Living Rich at Rs.1300

My first job was in Mysore, a leafy, quiet town situated about 150 km south west of Bangalore. I went there without much money and used to receive my salary (of Rs. 1300) in cash. I was staying in a bachelor’s accommodation and one month somebody stole my salary money from the cupboard. For the next one month, I lived on the mercy of some my friends and the sympathetic employer. Too proud to ask more favours than received, I tried to shrink my expenditure as much as possible. Since my only expense was food bill, I had to get as creative as possible. However, I was left with just 20 rupees on the last week before the next salary arrived. First two days I ate set dosas for lunch and curd rice for dinner. The next three days had a few slices of bread for lunch. I skipped breakfast on all days. On the salary day, I had a rupee and some loose change.

This was in 1992. For a single person in a small town to live within 20 rupees was a great struggle even two decades ago. Translated, the money works out to less than 5 rupees per day.

And today, in 2013, two central ministers assured us that we can buy a meal for 12 rupees in Mumbai, 5 rupees in Delhi, and just one rupee in, perhaps, Srinagar.

When the controversy raged on, the UPA government assured us that this classification of poverty will no way affect the welfare programmes. They did not elaborate on what the purpose of this study then was. Not long ago, Sheila Dixit informed us that a family of five can live on 35 rupees per day.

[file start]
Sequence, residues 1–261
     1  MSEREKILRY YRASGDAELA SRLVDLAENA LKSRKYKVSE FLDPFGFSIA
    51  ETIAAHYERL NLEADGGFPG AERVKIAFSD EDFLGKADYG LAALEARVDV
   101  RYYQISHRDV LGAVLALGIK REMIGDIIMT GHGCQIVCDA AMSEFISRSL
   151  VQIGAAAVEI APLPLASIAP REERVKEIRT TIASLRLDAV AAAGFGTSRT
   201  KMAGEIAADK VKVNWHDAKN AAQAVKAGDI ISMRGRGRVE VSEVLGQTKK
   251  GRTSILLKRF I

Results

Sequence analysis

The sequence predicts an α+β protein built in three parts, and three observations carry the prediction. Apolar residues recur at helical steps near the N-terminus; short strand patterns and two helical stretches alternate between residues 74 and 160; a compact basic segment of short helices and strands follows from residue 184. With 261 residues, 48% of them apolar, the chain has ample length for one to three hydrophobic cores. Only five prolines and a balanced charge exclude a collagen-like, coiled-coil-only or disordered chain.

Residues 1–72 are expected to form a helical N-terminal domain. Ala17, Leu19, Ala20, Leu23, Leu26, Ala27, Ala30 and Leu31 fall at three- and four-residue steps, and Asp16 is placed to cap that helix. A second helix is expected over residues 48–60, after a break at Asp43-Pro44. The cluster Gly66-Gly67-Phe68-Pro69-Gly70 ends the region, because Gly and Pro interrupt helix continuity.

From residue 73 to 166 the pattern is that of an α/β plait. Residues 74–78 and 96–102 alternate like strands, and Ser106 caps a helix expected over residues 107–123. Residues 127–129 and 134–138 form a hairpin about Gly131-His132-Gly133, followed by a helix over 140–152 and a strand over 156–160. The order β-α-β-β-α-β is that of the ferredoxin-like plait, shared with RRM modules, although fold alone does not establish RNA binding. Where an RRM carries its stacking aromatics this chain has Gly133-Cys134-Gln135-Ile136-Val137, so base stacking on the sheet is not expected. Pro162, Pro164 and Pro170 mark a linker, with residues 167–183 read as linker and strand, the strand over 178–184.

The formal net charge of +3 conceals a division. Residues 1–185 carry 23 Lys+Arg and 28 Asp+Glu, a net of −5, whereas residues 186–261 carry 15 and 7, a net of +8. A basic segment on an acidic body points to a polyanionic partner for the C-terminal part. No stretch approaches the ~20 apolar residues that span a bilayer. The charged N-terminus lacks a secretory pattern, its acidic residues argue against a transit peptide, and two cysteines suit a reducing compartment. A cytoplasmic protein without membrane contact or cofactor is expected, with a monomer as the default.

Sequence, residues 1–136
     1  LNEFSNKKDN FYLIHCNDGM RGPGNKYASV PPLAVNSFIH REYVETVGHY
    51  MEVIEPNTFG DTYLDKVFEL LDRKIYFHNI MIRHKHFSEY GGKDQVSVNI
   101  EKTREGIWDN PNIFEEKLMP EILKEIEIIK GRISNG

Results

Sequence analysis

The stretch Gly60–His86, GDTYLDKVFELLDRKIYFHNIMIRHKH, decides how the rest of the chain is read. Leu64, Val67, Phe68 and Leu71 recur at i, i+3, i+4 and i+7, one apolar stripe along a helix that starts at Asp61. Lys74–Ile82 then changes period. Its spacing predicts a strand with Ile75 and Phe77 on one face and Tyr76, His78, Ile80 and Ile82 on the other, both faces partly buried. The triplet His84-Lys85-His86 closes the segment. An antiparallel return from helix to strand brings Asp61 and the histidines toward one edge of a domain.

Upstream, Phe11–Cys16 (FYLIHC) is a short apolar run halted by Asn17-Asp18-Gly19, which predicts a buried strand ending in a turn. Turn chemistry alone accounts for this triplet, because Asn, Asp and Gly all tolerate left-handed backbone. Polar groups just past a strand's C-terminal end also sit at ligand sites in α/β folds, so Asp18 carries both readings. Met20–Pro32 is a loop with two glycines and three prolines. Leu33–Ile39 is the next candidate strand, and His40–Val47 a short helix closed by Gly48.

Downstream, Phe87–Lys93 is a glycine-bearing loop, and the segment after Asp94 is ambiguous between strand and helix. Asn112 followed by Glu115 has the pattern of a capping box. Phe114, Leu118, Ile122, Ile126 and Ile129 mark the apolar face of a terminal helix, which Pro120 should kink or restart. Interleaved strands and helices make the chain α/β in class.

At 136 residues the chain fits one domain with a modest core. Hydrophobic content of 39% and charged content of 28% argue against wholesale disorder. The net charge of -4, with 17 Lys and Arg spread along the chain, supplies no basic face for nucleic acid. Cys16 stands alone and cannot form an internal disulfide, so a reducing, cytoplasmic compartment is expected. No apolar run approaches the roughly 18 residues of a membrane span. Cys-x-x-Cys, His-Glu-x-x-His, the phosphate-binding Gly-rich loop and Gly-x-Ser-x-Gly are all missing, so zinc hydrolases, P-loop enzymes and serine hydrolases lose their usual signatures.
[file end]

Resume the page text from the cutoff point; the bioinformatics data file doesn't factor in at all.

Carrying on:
Why are they doing all these studies? How many men, many of them experts and skilled researchers, would have spent days and weeks into this exercise? Why did they have to be pressed into this seemingly futile exercise if this data was not going to be relevant to their policy-making? If the welfare programmes are going to continue as is without any connection to this data, why publish this despicable data at all?

For a few weeks now, The Hindu has been running a campaign to reclaim city’s footpaths. One of their plans was to make our politicians and policymakers to walk from point A to point B in the city only through the footpath. I’m not sure if that was tried. Considering the state of our footpaths, I doubt if any politician was foolish enough to agree to that challenge.

Should we not now request some of our policymakers to try living for a month in the figure they have set for poverty ratio? The Planning Commission has set Rs. 1000 as the limit for urban areas. I will give slightly increase it to Rs. 1300, my first salary, and ask them to live for a month. They can perhaps try doing it in Mysore. The weather is quite pleasant out there.